I spend a lot of time looking at blogs and websites. Maybe too much time. Sometimes I feel like if I have to see one more watercolor Facebook icon or read one more About Me page, I will just flop over, dead from too much Interneting.
But 95% of the time, I just love it. It’s fascinating to see the front end of a blog or website and then talk to its owner and learn more about their back end stats and strategies. I guess it’s sort of like seeing how the blog sausage is made. (“Blog sausage” sounds wrong. In a hilarious way. I will now have to dedicate my remaining years to proliferating this phrase.)
ANYWAY. It’s become so incredibly important to have a strong online platform before you launch a book that it’s impossible to overlook the power of a well-done website or blog. Yet if there’s one thing I’ve seen from speaking to hundreds of bloggers, it’s that very few of them know what the heck anyone else is doing. Sure, there are plenty of online courses you can take that could help you build traffic, but there’s nothing like seeing how that traffic converts into real business (as in product sales) to show you how important certain overlooked areas are.
There are 4 areas that I think are especially overlooked, and where I think many people are stifling their engagement, throttling their traffic, and overall slowing down the growth of their businesses. Here are the mistakes I see most often:
This week’s “read” is more of a “look”–just as we’re on the conversation of book covers, Buzzfeed released a list of 32 of the Most Beautiful Book Covers of 2014. There are some really excellent covers on here, and though the list skews toward upmarket literary fiction (where there are less conventions to adhere to than genre fiction or nonfiction), it’s still a great example of what’s working in the market now. And while it’s tempting to just say “It’s pretty. I like it.” (I do this ALL the time, heh), it’s much more helpful to try to dissect why it works. Here are my favorites and why I think they are awesome:
Gold foil is very hot right now in the online world, but this is the first book cover I’ve seen tap into the trend. It’s a bit hard to tell from this image if they used full gold foil on the entire cover or just reserved it for the author’s name (since this is an expensive production add-on), but it looks incredible. It’s eye-catching enough to stand out on a bookstore table, but it also doesn’t pigeonhole the book into too narrow of a genre. I think the cover of the hardcover edition of the work (which you can see here) looked too science-fiction-y, but you can tell by the back cover copy that this book is meant to be genre-defying. And for that, you need an ungenred, ungendered cover!
People judge books by their covers. This is the cold hard truth of publishing. A book cover is the very first thing a reader will see of your work, and so it’s incredibly important to get it just right.
Think of a book cover like the package of any other consumer good (and by “package” I mean the overall look or style of a product, not its container). A MacBook Pro might have a super-fast processor and long battery life, but it’s the elegant design that draws in most consumers. A BMW might have great horsepower and a fuel-efficient engine, but the sleek lines are what catches your eye on the road. In a crowded marketplace, looks matter.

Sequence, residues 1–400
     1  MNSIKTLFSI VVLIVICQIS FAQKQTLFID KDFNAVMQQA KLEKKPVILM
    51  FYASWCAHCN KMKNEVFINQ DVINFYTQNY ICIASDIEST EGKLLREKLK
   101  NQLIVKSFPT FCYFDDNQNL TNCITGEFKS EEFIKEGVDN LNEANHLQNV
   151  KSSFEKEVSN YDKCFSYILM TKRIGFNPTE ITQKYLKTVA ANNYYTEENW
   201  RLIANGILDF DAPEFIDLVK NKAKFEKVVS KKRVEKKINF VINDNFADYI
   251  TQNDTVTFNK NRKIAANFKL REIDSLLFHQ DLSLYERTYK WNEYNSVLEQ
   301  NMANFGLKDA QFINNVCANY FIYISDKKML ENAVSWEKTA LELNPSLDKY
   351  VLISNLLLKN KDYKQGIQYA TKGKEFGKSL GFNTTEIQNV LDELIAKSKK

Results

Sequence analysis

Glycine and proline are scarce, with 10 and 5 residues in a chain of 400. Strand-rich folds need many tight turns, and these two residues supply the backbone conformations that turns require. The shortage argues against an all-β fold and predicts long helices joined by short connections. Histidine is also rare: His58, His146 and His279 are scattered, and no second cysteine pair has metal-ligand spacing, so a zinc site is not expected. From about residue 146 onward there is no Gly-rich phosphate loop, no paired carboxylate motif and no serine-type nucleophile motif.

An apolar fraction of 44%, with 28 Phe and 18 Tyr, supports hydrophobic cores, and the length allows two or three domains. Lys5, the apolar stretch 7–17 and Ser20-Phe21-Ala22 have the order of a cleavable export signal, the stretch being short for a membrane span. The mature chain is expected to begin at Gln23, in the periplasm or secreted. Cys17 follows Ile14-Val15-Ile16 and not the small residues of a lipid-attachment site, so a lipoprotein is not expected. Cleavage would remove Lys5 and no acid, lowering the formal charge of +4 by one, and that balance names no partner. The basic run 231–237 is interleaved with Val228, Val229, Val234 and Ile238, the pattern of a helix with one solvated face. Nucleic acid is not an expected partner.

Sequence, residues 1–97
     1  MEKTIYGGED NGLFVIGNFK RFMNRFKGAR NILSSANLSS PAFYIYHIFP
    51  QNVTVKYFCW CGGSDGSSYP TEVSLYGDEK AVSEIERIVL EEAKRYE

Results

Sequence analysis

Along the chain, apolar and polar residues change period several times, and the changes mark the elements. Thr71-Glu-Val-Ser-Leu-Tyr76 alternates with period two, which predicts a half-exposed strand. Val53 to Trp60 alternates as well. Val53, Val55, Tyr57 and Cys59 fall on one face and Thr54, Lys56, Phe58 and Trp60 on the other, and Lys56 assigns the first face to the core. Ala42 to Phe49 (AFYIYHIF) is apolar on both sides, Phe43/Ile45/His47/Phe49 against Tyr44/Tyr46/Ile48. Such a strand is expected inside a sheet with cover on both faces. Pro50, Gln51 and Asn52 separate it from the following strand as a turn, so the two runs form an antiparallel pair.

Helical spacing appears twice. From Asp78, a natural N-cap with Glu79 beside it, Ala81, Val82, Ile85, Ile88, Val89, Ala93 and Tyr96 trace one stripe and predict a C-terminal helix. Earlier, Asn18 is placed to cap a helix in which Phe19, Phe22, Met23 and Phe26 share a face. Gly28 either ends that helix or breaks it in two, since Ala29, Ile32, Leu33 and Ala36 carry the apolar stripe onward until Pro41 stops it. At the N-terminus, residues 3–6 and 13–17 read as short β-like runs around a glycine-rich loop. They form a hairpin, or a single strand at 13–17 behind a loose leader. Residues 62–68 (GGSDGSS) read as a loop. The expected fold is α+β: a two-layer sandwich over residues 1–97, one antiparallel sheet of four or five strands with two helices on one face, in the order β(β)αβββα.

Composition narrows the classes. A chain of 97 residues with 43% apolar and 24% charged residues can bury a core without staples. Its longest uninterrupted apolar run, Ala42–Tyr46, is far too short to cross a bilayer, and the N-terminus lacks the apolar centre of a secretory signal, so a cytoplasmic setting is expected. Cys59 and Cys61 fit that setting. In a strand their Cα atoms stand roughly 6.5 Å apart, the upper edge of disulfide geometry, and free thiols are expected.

One of my all-time favorite blogs is Zen Habits by Leo Babauta. It’s amazing because it’s different–just look at the main page, and you’re instantly struck by how it looks nothing like anything else on the internet. No ads, no images, no lists of posts, very few links, and no social media icons. It’s just one post on a blank page, with a few links that lead you to years and years of archived posts. It’s quiet in a noisy world. As much as I always tell my authors about the importance of design, this is the perfect example that website design doesn’t have to be cookie cutter–it just has to be impactful.
Lucky for us, the writing on Zen Habits is just as impactful. Leo’s such a master of condensing so much knowledge and inspiration into just a few short sentences. Makes my long-winded self jealous! And I also think his approach to writing as a profession, particularly writing on the internet, is incredible. He went the traditional route for a while, running a blog with ads and writing a book with a traditional publisher, then decided the whole thing just wasn’t jibing with his minimalist values. So he uncopyrighted his blog posts (more on this here), pulled all his ads, and refocused on helping his readers in a more direct way. He moved his business model to one of building value with his readers, so that now they directly support his business by signing up for his great e-courses and buying his ebooks, instead of having third parties, like advertisers, support the business. It’s both a radical idea and a simple idea–not too different from a business model like that of NPR, where the emphasis is on serving the public, and then inspiring the public to support you back.